The Ethiopian government is still holding thousands of other opposition/political figures and protesters, along with journalists who have reported critically on the regime.
By Yohannes Y. Gedamu (for The Washington Post)
Is Ethiopia opening — ever so slightly — to democracy?
Some observers were cautiously optimistic after Prime Minister Hailemariam Desalegn’s surprising Jan. 3 announcement that the government would release some political prisoners, including opposition leader Merera Gudina. Starting in mid-January, Gudina and hundreds of Ethiopians detained during a 2016 wave of anti-government protests were released from a federal prison.
That release, however, was partial. The government is still holding thousands of other opposition figures and protesters, along with journalists who have reported critically on the regime.
On Thursday the state-affiliated Fana Broadcasting Corp. reported that 417 people serving sentences for terrorism, inciting violence and similar offenses to be freed.
Here’s what you need to know:
The ruling party installed and promotes ethnic federalism — which has stoked interethnic competition and violence
In 1991, the previous communist dictatorship fell after years of civil war. Since then, the Tigrayan People’s Liberation Front (TPLF), an ethno-nationalist militia movement, has dominated Ethiopian politics, despite the fact that the Tigrayan ethnic group makes up less than 7 percent of the country’s population. Four parties make up the ruling political coalition, the Ethiopian People’s Revolutionary Democratic Front (EPRDF), but its elites essentially function as members of one political party. As the strongest of the four, the TPLF has controlled party agendas and dominated coalition’s policy, along with the security apparatus of the state.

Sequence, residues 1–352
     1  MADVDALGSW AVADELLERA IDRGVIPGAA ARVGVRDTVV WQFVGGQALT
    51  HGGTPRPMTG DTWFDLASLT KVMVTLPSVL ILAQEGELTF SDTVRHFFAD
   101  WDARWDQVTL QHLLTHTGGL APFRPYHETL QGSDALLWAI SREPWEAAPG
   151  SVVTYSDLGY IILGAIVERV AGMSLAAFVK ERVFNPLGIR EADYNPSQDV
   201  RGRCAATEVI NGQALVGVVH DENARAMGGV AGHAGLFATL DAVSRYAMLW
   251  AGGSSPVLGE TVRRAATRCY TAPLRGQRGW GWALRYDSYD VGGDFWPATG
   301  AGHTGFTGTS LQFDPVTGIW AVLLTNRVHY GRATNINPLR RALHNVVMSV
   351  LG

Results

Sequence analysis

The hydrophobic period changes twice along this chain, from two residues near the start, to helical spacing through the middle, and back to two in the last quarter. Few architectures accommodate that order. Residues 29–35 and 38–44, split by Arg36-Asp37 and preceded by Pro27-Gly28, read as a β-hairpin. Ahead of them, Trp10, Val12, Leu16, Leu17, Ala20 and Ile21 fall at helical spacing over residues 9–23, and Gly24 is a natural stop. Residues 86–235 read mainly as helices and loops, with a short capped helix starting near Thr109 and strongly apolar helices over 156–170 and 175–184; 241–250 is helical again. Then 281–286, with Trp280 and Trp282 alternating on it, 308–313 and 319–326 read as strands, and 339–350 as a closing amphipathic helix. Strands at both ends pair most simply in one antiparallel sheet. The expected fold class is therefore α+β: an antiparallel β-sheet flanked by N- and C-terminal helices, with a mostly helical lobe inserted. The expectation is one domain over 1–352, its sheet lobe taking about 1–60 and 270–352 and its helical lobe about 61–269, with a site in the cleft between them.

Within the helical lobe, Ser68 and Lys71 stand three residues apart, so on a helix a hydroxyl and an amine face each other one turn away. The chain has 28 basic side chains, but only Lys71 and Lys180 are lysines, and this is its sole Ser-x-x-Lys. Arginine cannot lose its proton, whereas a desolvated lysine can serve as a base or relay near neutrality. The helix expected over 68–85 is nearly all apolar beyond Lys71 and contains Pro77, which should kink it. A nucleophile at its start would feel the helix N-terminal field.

Under TPLF/ERPDF rule, Ethiopia adopted a constitution that established ethnic federalism, in which regions’ boundaries were drawn according to ethnic and linguistic classifications. Implemented in 1995, the new constitution was ostensibly designed to promote groups’ rights. But the ethnic federal model hasn’t ended ethnic inequality. Rather, it has created winners and losers.
Continue reading this story at The Washington Post
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